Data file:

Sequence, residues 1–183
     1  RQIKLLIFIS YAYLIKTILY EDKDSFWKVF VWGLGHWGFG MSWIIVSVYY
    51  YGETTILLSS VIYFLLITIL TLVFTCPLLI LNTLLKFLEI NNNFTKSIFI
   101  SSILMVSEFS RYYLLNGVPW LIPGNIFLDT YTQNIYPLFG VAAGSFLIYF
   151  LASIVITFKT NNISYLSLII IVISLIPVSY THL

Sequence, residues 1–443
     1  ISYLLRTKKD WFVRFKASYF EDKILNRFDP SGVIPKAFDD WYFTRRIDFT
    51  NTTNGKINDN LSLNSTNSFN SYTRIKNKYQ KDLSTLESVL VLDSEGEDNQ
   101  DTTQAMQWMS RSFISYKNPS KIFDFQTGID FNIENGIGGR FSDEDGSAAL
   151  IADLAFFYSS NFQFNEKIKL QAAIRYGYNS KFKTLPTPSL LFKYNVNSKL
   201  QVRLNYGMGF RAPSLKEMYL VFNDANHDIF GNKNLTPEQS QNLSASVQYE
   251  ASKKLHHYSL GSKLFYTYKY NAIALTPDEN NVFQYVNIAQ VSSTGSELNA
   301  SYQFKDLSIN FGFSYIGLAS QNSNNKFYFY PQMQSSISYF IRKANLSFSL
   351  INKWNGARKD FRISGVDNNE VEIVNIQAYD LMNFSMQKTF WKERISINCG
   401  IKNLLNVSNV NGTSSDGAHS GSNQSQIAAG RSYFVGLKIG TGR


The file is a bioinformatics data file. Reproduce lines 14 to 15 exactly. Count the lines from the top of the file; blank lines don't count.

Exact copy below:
   351  INKWNGARKD FRISGVDNNE VEIVNIQAYD LMNFSMQKTF WKERISINCG
   401  IKNLLNVSNV NGTSSDGAHS GSNQSQIAAG RSYFVGLKIG TGR